Premier Wall stands behind ‘strong language’ used in Energy East pipeline frustration
Premier Brad Wall’s disappointment and frustration at the cancellation of TransCanada’s Energy East pipeline has been more than apparent on his Facebook page.
“I used strong language because I feel strongly about this pipeline,” Wall said Wednesday.
Over the past week Wall’s gone as far as saying “national unity is at risk, we need a rational debate on energy in this country.” Last week, when the cancellation was announced, he likened western Canada’s relationship with federal policy to Stockholm syndrome.
“Similar language was used in the debate around the national energy program, stronger language I would argue,” Wall said.
“Eventually, that led to change. That led to a federal government that got rid of that policy, thank goodness. So I do think, in the end, this is about policy. I think western Canadians shouldn’t shy away from using strong language, especially when you consider the cumulative effect of this federal government on the energy sector.”
TransCanada has not definitively said why they chose to withdraw the application for Energy East. Wall maintains that it is because of a federal government policy failure. Public Safety Minister and Liberal MP Ralph Goodale argued it’s about economics.
He said plunging oil prices since Energy East was first envisioned hurt the business case for converting existing natural gas pipe in Saskatchewan to oil pipeline for the megaproject.
“The demand for gas in North America makes the use of the existing line, for gas, a viable proposition, which was not the case seven or eight years ago,” Goodale said.
Goodale said other factors may include the likely approval of TransCanada’s Keystone XL pipeline now that Donald Trump is in the White House and three major energy projects, like the TransMountain pipeline and Enbrigde’s Line Three, have been approved under the new regulatory framework.
“To this point, almost all the major contracts for the pipe have gone to Evraz Steel in Regina,” Goodale said.
“So the Government of Canada has successfully pursued a regulatory approach that has successfully approved three major projects, representing 22,000 jobs and $11 billion in investment.”
However, Wall maintains his belief that the addition of measuring upstream and downstream greenhouse gases during the application phase killed the project.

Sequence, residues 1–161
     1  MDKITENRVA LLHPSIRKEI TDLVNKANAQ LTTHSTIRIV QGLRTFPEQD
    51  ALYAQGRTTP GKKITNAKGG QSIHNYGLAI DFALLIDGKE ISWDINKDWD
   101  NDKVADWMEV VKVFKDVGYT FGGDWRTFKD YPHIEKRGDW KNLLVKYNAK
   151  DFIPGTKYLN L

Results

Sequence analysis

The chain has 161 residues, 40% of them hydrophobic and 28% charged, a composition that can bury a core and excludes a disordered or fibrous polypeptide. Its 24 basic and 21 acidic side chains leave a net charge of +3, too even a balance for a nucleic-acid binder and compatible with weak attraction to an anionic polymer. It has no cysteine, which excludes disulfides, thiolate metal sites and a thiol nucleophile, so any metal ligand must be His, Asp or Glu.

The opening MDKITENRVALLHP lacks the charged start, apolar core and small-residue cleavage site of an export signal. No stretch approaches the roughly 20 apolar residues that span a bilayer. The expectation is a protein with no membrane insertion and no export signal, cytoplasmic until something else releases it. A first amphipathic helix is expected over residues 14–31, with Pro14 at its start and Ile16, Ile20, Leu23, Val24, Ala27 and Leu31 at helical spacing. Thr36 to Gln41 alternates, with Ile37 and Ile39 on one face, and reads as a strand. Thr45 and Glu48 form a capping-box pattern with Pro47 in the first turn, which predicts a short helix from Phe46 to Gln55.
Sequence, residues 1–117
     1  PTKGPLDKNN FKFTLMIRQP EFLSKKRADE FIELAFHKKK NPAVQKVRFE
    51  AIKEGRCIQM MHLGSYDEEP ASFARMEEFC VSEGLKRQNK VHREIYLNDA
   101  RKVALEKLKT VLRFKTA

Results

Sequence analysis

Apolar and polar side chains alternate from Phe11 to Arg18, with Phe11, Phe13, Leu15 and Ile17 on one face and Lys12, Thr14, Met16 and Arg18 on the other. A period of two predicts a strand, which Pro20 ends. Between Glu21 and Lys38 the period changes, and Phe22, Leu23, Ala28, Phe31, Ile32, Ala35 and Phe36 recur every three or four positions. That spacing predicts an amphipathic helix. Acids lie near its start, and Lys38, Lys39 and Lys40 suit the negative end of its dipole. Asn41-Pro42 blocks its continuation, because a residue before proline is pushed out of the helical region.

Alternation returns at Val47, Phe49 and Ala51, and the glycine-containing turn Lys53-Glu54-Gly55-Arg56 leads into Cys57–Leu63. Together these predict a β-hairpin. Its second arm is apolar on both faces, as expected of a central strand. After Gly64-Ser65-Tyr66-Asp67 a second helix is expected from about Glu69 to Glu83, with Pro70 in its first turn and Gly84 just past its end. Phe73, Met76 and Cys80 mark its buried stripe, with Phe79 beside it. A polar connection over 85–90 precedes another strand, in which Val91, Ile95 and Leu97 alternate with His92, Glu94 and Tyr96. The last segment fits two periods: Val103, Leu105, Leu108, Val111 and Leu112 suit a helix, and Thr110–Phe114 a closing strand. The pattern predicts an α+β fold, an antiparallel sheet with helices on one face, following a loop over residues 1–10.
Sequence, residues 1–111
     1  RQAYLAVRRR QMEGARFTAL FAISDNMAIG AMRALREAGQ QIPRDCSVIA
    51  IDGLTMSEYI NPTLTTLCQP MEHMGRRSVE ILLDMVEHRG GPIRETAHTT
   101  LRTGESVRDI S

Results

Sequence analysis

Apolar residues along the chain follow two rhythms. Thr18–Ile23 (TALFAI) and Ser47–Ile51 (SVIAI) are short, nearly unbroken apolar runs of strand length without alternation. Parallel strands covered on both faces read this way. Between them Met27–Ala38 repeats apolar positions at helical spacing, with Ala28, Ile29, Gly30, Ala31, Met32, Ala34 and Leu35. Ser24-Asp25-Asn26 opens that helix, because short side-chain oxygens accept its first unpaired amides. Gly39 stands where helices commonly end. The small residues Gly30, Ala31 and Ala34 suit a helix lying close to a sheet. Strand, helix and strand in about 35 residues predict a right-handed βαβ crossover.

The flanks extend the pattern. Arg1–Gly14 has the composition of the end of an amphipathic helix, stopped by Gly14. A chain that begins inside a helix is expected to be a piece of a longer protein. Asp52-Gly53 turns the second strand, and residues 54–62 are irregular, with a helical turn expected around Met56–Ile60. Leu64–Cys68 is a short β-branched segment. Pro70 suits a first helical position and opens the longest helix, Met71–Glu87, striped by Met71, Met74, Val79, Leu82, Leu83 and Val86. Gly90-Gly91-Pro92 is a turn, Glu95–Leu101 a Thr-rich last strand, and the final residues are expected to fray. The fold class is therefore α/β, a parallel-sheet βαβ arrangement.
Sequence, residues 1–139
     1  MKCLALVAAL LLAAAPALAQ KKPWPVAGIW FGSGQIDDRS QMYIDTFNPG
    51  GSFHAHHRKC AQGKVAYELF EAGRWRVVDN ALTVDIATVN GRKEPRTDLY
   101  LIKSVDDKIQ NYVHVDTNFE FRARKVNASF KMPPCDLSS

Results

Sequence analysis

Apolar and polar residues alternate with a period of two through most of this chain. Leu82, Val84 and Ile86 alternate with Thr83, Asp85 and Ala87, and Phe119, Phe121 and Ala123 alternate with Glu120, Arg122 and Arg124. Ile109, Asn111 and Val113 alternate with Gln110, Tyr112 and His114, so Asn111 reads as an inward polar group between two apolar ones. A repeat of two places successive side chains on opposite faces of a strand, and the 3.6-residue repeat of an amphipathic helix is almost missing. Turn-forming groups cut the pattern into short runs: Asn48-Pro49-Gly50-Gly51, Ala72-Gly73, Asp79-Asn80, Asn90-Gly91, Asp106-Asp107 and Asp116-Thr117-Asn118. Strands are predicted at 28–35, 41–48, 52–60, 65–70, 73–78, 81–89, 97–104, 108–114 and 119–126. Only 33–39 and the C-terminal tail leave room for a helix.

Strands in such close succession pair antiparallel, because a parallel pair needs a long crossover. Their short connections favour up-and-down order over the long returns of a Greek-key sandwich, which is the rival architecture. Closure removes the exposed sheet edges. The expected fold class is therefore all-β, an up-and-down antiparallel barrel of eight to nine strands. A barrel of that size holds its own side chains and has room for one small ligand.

“Line Three’s going ahead with the same price of oil… Keystone XL is going ahead in the same low-cost environment, so I don’t think you can lay it at the feet of low commodity prices,” Wall said.
“I think the company did allude to regulatory risks, to changes that happened in mid process.”
Ken Rasmussen, a professor at the Johnson-Shoyama Graduate School of Public Policy in Regina, didn’t pull any punches in describing his take on Wall’s heated social media statements.
“It’s very irresponsible for the Premier to be saying those kinds of things,” Rasmussen said, referring to comments like “national unity is at risk”.
“Words matter, and I don’t think he should be fanning the flames of western separatism. That said, western separatism has always been a fringe movement, pretty much the lunatic fringe.”
Rasmussen’s best guess on this course of action is that Wall is using these statements as a way of auditioning for a post-poltics career in the oil industry.
Wall said he has no job offers on the table for when he retires as premier next year.
Rasmussen also found it odd that at the apparent end of his political career, Wall is now becoming much more partisan on the federal stage.
“It’s funny, he’s become much more partisan now that Stephen Harper’s not there. He backed off on almost every issue with Harper, didn’t question equalization or anything,” Rasmussen said.
“Now this is all back on the table.”
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